Tuesday, 10 January 2012

Monsanto & Co. begins 2012 in court - again

The Charleston Daily Mail, 27 December 2011:

CHARLESTON, W.Va. -- Several hundred Nitro area residents gathered Tuesday at the Charleston Marriott as attorneys attempted to forge a mediation in a class action lawsuit against the former Monsanto Company.
Representatives of the West Virginia Supreme Court mass litigation department and the attorney's law firms would not allow media access to any of the plaintiffs, saying those settlement discussions were confidential.
The case is scheduled to begin trial Jan. 3 in Putnam Circuit Court before specially-appointed Circuit Judge Derek Swope. If a settlement is not approved before then, jury selection is expected to begin next week and the trial is predicted to take up to six months.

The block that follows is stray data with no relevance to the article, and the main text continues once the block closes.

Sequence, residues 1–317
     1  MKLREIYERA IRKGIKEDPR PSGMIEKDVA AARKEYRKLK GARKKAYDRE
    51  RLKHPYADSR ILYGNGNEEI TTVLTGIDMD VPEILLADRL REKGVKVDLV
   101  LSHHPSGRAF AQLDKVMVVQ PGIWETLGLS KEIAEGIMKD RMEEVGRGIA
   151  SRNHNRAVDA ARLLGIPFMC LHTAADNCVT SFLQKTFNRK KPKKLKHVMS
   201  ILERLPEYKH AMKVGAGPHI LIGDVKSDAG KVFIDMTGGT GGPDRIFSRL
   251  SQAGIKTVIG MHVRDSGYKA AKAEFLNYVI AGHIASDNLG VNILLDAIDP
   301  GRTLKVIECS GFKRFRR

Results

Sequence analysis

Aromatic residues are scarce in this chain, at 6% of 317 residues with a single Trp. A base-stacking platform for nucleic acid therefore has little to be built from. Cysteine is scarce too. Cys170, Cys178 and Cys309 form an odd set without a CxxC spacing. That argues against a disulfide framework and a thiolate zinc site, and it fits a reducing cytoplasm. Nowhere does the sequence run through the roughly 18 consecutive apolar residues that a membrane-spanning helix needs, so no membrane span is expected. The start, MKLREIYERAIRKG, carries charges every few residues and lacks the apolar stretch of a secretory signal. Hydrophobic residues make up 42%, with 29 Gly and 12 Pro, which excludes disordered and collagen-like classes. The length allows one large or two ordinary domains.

The mass-litigation mediation involving 193 cases of alleged personal injury and wrongful death is being presided over by Circuit Judges Booker T. Stephens of McDowell County and Circuit Judge Alan D. Moats of Taylor County…..

The Charleston Gazette, 3 January 2012:

As jury selection began Tuesday in the class-action lawsuit seeking medical monitoring for those who may have been exposed to hazardous chemicals produced at Monsanto's former Nitro plant, the judge expanded a gag order on the lawyers prohibiting comments to the media.
"No lawyer is to discuss anything about the case," said Mercer County Circuit Court Judge Derek Swope. "If asked, you are to have no comment, end of story."
Swope's comments came after Monsanto lawyers filed a motion Tuesday asking him to hold lead plaintiff attorney Stuart Calwell in contempt of court for comments he made concerning the case to the Gazette and other local media outlets.
The judge did not immediately rule on the motion, but indicated he would hear arguments and rule later.
Swope was appointed to hear the case after Putnam Circuit Judge O.C. Spaulding was diagnosed with Lou Gehrig's disease and retired at the end of the year…….


* This post is part of North Coast Voices' effort to keep Monsanto's blog monitor (affectionately known as Mr. Monsanto) in long-term employment.

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